Students Staff

21 March 2019

Restructuring our wellbeing services

Filed under: Latest news — ckeitch @ 12:45 pm
Angela Jones, Head of Student Support

Angela Jones, Head of Student Support

Angela Jones, our Head of Student Support, answers your questions and tells us more about the restructure of our wellbeing service.

Where can I talk about my mental or emotional health?
Support is available to all our students and can be accessed via theStudent Services Hub at your campus .

Colchester Campus Student Services Hub
Southend Campus Student Services Hub
Loughton Campus Student Services Hub

Why did you make changes to the wellbeing service?

Feedback from the SU Change Week identified a clear desire for more interventions, a wider range of support and counselling for more people. Feedback from students with individual needs has identified a need to make our community more inclusive. Responding to this feedback, we wanted to implement new ways of promoting wellbeing, increase the volume of counselling and the number of students we can offer advice to as well as reduce the waiting time for students to be seen.

How were staff and students engaged in the changes?

We worked closely with the Students’ Union to understand student needs and feedback. As we move forward, the SU will be a key partner in shaping service delivery.

Feedback from staff was considered in developing the new vision for student wellbeing. The Trades Unions were consulted as part of the change and key staff were informed of the proposals.

How many students can now receive counselling?

The changes were driven by a need to increase counselling by 30%. In the period October 2018 – January 2019, 218 students were referred for counselling. This compares to 261 students receiving counselling between August 2017 and July 18.

Can all students receive counselling?

The University continues to offer short term counselling. Students are prioritised based on their need and the issues they want to discuss. For some students, referral to specialist support is more appropriate.

Four sessions are available for those who are identified as benefiting from counselling. Our counselling delivery aims to support students to be able to continue with their studies. The number of sessions is in line with a number of NHS services. The Chair of the British Association for Counselling and Psychotherapy University and College Counselling Division indicates that the sector norm for higher education is 4.4 sessions.

Students are prioritised based on their need and the issues they are presenting.

Why did you choose to use an external contractor to deliver counselling?

We chose to move to a single mode of delivery across all three campuses. Our experience of working with a counselling service at Loughton and Southend Campuses demonstrated the flexibility it is able to deliver in responding to increases in demand at certain times of the year, which means we can avoid long waiting times for students.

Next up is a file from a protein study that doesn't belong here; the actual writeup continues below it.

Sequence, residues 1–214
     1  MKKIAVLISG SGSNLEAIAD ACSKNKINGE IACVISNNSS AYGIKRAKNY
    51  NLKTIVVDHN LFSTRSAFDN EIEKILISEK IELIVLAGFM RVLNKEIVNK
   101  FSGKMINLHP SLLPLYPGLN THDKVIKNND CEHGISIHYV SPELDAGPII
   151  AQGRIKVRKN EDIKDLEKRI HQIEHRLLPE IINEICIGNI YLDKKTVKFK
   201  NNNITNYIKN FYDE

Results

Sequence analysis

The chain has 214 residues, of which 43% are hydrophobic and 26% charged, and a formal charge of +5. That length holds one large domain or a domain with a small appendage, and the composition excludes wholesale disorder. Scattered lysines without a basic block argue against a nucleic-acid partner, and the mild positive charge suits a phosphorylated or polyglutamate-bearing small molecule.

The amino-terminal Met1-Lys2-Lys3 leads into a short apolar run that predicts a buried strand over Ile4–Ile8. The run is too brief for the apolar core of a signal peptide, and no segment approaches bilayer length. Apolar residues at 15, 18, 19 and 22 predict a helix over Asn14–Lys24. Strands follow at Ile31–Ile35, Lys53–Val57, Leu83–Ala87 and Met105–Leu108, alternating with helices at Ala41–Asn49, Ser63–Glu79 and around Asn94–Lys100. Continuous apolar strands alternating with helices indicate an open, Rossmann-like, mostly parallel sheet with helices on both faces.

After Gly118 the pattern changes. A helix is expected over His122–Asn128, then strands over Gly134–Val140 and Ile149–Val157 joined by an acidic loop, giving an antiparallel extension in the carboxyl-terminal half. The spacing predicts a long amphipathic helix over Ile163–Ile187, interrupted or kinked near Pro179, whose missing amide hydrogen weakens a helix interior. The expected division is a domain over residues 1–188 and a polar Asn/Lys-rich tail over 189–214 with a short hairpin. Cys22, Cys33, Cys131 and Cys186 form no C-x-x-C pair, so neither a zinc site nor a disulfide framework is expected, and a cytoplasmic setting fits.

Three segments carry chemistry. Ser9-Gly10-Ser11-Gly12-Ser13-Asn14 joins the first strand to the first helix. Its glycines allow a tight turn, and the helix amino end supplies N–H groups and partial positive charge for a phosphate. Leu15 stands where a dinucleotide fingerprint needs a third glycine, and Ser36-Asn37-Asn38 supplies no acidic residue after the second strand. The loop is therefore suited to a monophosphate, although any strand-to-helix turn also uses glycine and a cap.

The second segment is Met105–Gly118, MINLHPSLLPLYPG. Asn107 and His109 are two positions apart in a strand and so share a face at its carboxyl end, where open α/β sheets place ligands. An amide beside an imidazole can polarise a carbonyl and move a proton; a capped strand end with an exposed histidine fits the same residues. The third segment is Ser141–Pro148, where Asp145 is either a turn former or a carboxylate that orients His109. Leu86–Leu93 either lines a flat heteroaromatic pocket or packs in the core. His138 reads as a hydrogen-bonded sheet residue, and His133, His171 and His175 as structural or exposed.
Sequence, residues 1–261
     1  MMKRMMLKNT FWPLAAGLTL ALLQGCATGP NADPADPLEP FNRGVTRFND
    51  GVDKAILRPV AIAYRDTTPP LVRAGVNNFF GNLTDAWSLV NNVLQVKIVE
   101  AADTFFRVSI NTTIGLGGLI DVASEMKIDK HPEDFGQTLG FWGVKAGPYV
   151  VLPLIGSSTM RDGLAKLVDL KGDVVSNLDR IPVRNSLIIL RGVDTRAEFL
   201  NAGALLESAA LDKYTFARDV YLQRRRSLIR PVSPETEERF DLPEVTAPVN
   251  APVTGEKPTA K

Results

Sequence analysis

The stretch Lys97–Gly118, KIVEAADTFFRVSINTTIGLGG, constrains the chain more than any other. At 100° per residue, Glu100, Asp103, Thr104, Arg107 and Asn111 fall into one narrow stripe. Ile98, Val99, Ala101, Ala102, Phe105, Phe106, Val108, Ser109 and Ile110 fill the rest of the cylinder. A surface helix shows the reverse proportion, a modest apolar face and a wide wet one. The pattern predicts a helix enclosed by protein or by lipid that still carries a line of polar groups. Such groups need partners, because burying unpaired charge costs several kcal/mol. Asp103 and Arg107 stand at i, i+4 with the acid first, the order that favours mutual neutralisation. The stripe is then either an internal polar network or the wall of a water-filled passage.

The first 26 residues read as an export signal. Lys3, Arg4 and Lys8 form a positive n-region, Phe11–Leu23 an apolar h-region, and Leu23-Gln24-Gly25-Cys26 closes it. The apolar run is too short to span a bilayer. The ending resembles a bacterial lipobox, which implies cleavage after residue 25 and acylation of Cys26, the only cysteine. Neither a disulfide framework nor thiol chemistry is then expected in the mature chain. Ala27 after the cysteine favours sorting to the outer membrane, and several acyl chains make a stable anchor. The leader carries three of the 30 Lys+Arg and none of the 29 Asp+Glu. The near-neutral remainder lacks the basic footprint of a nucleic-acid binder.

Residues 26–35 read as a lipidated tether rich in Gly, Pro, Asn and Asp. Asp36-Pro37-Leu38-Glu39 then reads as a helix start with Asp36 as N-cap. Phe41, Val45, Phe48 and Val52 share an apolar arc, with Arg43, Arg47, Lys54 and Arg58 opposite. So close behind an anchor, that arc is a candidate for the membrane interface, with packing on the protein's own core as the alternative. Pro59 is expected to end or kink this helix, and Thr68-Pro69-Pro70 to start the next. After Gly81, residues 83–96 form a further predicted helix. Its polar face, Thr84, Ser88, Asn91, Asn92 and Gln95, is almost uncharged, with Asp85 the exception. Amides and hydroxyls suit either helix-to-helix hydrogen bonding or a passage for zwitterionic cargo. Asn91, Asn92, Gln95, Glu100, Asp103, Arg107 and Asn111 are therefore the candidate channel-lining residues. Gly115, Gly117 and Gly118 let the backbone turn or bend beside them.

Whilst most sessions are delivered on campus, the external service also enables students to be seen in person when they are away from campus on placement or during the vacation periods.

Why is there a still a long wait for counselling?

Our agreement with Validium who deliver one-to-one counselling for our students is for them to see 95% of student referrals within three weeks – and they have told us that they are currently meeting this target.

We are aware that there were some issues at the end of the Autumn Term and the beginning of the Spring Term when they struggled with demand. We manage referrals and will continue to monitor the waiting times. If you or someone you know has been waiting for more than three weeks, please inform the Student Services Hub so we can liaise with Validium about this.

Why does the University now charge for counselling?

Four sessions are available free of charge.

Why do you only deliver counselling over the telephone?

Most of the students receiving counselling are seen face-to-face at one of our campuses. Students can opt for telephone counselling or counselling away from campus if they choose. The 24 hour telephone helpline is available for anyone who needs to talk.

Why did you replace counsellors with non-qualified staff?

Counselling continues to be offered by suitably qualified and experienced staff via a third party. Following the reorganisation, new job descriptions were created for the service, the majority of which required mental health qualifications. Staff taking initial appointments with students are not required to have mental health qualifications; rather to have skills and experience suitable for the role. We have used this practice for initial advice for mental health for nearly 15 years.

The counselling service operates within BACP’s Ethicial Framework for Good Practice in Counselling and Psychotherapy and all counsellors are and would continue to be BACP accredited and managed by a Clinical Lead employed by the University.

Why has the service chosen to use academic staff, peers and the V team to replace counselling?